What's worse, having a government bureaucrat between you and proper health care, or having a corporate bureaucrat? When health insurance companies' allegiances shift away from people who need health care and toward pleasing their investors, you get the kinds of runaway health care costs that we have in the United States today. In a day of rampant greed and immorality, I don't hold out much hope that a government directed, single-payer health care plan will be any better than what we currently have, but I'm starting to think that it couldn't be worse, either.
Have your costs for health care seemed to outpace your standard of living over the last decade or more? There are several contributing reasons, but one of the greatest is that greed for profit has seeped into the health insurance industry until it has become a flood.
Medical loss ratios measure how much insurance companies lose to administrative costs. In the 1990's 95% of costs paid for actutal health care in early 1990's, so the medical loss ratio was only about 5%. These ratios have risen until now nearly 20% of insurance premiums go to cover administrative costs. With some individual companies, the administrative excess is nearing 25%. In contrast, according to Wendell Potter, who was an executive at CIGNA insurance for 15 years, medicare has only 3% administrative overhead costs. Mr. Potter, who spoke with Bill Moyers recently, left CIGNA after his guilt got the best of him.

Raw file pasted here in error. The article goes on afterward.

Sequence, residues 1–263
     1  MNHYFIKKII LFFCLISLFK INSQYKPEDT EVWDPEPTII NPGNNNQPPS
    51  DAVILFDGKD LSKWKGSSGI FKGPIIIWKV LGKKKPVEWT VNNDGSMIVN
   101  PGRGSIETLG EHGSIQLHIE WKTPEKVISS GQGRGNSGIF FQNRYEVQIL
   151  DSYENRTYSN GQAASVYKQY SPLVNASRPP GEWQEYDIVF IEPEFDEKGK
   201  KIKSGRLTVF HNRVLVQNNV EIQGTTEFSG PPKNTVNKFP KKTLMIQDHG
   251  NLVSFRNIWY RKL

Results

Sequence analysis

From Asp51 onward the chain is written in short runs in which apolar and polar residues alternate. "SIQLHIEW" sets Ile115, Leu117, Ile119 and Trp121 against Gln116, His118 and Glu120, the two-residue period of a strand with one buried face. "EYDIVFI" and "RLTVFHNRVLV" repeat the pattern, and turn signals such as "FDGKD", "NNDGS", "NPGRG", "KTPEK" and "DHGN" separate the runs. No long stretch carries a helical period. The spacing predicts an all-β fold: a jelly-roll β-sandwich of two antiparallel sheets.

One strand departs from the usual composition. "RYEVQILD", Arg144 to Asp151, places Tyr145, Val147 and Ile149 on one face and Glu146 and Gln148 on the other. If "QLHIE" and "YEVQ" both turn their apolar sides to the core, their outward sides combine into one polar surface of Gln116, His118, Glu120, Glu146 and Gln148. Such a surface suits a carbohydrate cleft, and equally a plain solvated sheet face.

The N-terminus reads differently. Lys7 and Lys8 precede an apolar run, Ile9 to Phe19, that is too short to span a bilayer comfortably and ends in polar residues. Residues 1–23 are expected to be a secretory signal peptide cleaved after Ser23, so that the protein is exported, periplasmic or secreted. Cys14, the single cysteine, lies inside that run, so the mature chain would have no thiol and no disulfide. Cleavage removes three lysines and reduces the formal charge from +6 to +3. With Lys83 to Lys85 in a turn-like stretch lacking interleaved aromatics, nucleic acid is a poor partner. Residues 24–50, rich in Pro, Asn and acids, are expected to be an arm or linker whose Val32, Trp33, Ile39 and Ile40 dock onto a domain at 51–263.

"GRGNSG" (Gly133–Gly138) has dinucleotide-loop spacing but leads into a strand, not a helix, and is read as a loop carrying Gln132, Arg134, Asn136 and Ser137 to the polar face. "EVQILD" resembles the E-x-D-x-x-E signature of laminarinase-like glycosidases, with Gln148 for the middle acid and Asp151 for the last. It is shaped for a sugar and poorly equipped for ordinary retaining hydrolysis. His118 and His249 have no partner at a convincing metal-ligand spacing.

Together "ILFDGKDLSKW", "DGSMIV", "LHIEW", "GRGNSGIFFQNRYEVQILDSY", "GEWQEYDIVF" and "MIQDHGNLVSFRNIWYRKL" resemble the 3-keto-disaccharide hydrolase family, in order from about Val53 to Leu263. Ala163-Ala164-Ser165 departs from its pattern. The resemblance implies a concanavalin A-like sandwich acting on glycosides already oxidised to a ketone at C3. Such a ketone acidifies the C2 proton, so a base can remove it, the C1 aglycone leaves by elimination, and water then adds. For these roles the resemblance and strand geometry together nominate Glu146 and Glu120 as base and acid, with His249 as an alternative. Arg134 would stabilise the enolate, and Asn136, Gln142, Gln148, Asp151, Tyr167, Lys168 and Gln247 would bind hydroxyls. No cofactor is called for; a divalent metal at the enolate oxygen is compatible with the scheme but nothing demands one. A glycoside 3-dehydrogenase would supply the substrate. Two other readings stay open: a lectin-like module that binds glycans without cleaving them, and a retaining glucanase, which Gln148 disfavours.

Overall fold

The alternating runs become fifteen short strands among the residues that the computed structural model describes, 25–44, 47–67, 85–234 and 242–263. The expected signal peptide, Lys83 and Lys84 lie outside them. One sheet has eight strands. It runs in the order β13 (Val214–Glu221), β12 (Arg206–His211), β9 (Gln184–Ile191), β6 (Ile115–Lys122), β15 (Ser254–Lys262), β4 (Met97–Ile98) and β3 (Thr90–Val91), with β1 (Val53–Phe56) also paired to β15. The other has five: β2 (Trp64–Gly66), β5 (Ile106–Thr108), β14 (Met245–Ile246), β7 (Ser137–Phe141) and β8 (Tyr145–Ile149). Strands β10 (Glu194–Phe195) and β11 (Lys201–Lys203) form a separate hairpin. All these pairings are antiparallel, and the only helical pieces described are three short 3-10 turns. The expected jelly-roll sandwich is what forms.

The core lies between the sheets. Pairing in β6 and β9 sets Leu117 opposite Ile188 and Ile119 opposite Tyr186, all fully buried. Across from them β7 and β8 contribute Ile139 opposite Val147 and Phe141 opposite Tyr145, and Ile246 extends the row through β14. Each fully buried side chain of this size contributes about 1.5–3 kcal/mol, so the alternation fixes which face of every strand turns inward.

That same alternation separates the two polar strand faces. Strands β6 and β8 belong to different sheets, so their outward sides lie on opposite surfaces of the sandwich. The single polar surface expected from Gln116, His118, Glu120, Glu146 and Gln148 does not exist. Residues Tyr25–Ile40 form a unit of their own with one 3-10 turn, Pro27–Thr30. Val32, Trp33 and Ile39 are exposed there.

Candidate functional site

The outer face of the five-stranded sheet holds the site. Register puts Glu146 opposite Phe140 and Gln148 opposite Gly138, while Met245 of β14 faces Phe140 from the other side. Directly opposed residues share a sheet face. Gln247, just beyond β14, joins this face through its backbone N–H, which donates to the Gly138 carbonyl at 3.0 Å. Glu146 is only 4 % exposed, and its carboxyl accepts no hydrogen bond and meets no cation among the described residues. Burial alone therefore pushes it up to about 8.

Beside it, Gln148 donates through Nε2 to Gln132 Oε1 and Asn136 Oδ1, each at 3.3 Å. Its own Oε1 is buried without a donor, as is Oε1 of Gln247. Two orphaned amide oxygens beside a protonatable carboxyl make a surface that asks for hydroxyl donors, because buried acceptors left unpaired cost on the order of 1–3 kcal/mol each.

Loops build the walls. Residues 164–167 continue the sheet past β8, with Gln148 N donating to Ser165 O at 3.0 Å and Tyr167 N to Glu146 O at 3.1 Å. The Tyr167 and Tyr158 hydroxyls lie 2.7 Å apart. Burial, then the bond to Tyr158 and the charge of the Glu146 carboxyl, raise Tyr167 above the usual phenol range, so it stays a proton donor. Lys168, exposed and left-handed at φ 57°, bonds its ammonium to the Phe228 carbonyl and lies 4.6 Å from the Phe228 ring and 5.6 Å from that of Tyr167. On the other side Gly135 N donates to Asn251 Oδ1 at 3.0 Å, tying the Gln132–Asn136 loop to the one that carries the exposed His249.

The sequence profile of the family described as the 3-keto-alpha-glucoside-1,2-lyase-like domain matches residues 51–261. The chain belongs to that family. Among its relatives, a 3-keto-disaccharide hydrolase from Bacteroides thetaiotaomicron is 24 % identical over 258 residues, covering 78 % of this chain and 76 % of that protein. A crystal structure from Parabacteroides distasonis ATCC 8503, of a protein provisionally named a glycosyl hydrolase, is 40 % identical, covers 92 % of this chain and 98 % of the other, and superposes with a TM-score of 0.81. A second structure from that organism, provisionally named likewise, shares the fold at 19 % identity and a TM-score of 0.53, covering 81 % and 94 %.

In days gone by, Potter told Moyers, health insurers cared most about those they insured. Now, they care most about their bottom line. Trimming true insurance in order to appease shareholders and to pay out gigantic bonuses to executives has begun to ruin not only these companies but also health care in America. Investors in health insurance stocks have primarily become large institutions, to include major, demanding hedge funds. Insurers often feel intense heat from such investors, who think they have not denied enough claims. It is becoming standard fare for insurers, bowing to these investors, to raise premiums so high that employers can no longer afford to insure their employees, or the insurers simply drop large groups of policy holders outright. The cancer that is destroying Wall Street is bringing the health industry down with it.
The main problem, however, is not that health insurers are greedy. The main problem is that so are most politicians. The solution, therefore, can not be simply to turn the reins of health care over to government. The solution has to be for Americans to stop being dictated to by their elite overlords, but rather to demand fairness and integrity. We should demand insurance only from companies that care about people instead of profits. And in order to get the health care regulation that we need, we should sweep the floor of congress clean with the broom of any angry vote.
Neither single-payer health insurance, nor any other form of social direction of health care dollars will work any better than the debauchery that exists in the America's private health insurance industry. Honesty and integrity are our only hope.